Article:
There has been a growing interest in the safety and feasibility of laparoscopic liver resection (LLR) for hepatocellular carcinoma (HCC) in patients with cirrhosis. In a recent web-based anonymous international questionnaire called the INSTALL study, nearly half of the respondent surgeons from East Asia agreed with the expansion of surgical indications in cirrhotic patients if the resection was carried out laparoscopically. In contrast, less than 30% of those from Europe, North America, and other regions agreed to do so (1). Recommendations from the Second International Consensus Conference on LLR (ICCLLR) held in Morioka, Japan, in 2014 concluded that although the possible reduction in postoperative ascites after minor LLR (resection of 2 or fewer Couinaud segments) for cirrhotic livers is attractive, the quality of evidence was low due to multiple complication-reporting schemas (2).
Recently, Cheung et al. conducted a well-designed comparative study on pure laparoscopic (n=110) versus open (n=330) liver resection in HCC patients with background cirrhosis, performed at Queen Mary Hospital between 2002 and 2015 using a propensity score matching analysis (3). The laparoscopic group demonstrated significantly less blood loss, shorter operative time, and shorter hospital stay as well as improved overall and disease-free (for stage II HCC) survival rates. The authors should be commended for their careful and in-depth comparison of the two different hepatectomy procedures. The findings of their study are consistent with several other studies published after the Second ICCLLR (4) and provide a strong body of evidence to support the superiority of LLR over open resection for HCC in patients with liver cirrhosis.
So, where does this study lead us? If LLR for HCC does expand surgical candidacy in patients with cirrhosis, it warrants a reconsideration of the current treatment guidelines. In the updated Barcelona Clinic Liver Cancer classification (5), endorsed by both (I) the American Association for the Study of Liver Diseases and; (II) the European Association for the Study of the Liver practice guidelines as the standard system for HCC management, patients with very early and early HCC (stages 0 and A) with portal hypertension are not candidates for resection. For these patients, either liver transplantation or locoregional therapy (percutaneous ethanol injection or radiofrequency ablation) is recommended based on the absence/presence of associated disease. Surgeon- and institution-related factors may affect the choice of treatment for HCC and therefore, hepatobiliary surgeons, surgical/medical oncologists, and transplant surgeons/hematologists all need to recognize that the evolution of LLR has the potential of changing the perspectives on integrated care for HCC (6).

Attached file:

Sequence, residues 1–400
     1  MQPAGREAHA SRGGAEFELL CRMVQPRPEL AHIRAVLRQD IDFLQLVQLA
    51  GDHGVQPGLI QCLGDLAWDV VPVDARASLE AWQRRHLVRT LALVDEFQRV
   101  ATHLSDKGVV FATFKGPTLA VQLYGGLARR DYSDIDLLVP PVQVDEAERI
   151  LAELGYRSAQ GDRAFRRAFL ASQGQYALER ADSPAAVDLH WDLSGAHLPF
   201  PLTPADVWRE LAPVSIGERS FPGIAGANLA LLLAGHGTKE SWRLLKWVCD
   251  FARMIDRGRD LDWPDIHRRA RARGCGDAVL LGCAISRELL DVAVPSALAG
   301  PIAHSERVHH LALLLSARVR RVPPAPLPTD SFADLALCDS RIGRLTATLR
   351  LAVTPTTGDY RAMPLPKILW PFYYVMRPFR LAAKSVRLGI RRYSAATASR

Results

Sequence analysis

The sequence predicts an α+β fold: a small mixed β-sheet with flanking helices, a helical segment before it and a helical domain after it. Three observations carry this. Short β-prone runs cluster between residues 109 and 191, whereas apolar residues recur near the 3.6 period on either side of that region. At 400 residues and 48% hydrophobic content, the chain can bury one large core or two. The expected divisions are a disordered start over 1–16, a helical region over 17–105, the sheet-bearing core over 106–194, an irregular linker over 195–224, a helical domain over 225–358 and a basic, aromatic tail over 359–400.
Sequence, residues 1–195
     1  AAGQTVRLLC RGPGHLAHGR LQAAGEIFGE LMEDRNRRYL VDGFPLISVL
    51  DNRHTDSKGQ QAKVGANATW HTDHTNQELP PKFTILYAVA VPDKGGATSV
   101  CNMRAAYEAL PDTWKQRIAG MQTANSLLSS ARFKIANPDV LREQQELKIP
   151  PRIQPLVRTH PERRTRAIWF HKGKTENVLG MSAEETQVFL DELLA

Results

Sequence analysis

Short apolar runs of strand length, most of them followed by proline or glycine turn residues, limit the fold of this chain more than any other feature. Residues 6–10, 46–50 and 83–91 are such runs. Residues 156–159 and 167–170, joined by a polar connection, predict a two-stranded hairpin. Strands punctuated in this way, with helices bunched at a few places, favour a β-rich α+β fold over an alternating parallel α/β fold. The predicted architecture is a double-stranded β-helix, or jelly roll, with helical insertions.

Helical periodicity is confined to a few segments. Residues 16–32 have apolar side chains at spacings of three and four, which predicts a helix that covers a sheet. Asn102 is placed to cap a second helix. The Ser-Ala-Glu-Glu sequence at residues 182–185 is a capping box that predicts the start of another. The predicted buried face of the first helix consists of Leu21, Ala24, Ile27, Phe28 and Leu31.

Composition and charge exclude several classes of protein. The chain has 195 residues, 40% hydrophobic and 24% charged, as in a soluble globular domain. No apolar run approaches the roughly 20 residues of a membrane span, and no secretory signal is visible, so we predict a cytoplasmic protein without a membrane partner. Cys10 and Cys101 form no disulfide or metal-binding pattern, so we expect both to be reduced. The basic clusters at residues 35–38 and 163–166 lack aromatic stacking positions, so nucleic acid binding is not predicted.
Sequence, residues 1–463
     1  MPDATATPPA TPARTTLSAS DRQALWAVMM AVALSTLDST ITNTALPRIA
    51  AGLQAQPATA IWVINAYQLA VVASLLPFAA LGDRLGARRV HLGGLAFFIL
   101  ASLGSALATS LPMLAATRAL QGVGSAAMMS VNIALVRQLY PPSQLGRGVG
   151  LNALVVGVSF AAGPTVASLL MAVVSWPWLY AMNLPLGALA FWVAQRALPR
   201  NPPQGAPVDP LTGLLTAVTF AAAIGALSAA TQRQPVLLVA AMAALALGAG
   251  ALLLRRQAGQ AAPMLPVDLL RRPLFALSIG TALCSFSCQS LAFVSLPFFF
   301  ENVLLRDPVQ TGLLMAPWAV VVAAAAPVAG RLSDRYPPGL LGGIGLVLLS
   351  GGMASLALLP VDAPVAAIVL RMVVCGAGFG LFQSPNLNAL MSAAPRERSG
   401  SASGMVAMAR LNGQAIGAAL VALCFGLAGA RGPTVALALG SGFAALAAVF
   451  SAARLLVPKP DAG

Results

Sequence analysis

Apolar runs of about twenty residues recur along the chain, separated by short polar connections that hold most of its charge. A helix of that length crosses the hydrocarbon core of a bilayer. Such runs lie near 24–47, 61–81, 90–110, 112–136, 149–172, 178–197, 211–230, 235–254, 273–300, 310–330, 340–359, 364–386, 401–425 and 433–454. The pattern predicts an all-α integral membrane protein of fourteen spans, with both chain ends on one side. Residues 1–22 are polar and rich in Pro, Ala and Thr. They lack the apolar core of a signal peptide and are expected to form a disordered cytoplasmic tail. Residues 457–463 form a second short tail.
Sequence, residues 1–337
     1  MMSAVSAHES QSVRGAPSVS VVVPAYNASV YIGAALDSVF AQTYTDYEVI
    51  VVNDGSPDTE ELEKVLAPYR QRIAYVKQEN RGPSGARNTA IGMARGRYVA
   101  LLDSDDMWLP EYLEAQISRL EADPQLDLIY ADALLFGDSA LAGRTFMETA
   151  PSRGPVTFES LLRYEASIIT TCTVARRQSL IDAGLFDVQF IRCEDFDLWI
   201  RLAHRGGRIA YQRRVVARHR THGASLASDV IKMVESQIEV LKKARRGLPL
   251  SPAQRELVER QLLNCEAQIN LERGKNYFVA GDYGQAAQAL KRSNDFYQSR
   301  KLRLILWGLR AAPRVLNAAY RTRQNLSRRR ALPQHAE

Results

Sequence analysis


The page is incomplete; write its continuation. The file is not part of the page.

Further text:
This study also shed light on the paramount importance of patient selection and resection. Cheung et al. reported fewer pulmonary complication rates in the laparoscopic group due to reduced wound size, resulting in better pain tolerance. Together with recent publications from East Asia supporting liver resection for elderly patients with HCC (7), one could recommend to cautiously increase the age limit for LLR in an era of accelerated population aging. Meanwhile, anatomical segmentectomy accounted for approximately 35% of patients in the open group, in contrast to only 10% in the laparoscopic group. It may reflect the restriction of the surgeons’ freedom of movement in LLR. However, only after evaluation of technical feasibility regarding laparoscopic anatomical resection for HCC in cirrhotic liver, can we discuss the oncological outcomes of complete removal of tumor-bearing portal territory (8) by laparoscopic approach.
Conflicts of Interest: The authors have no conflicts of interest to declare.
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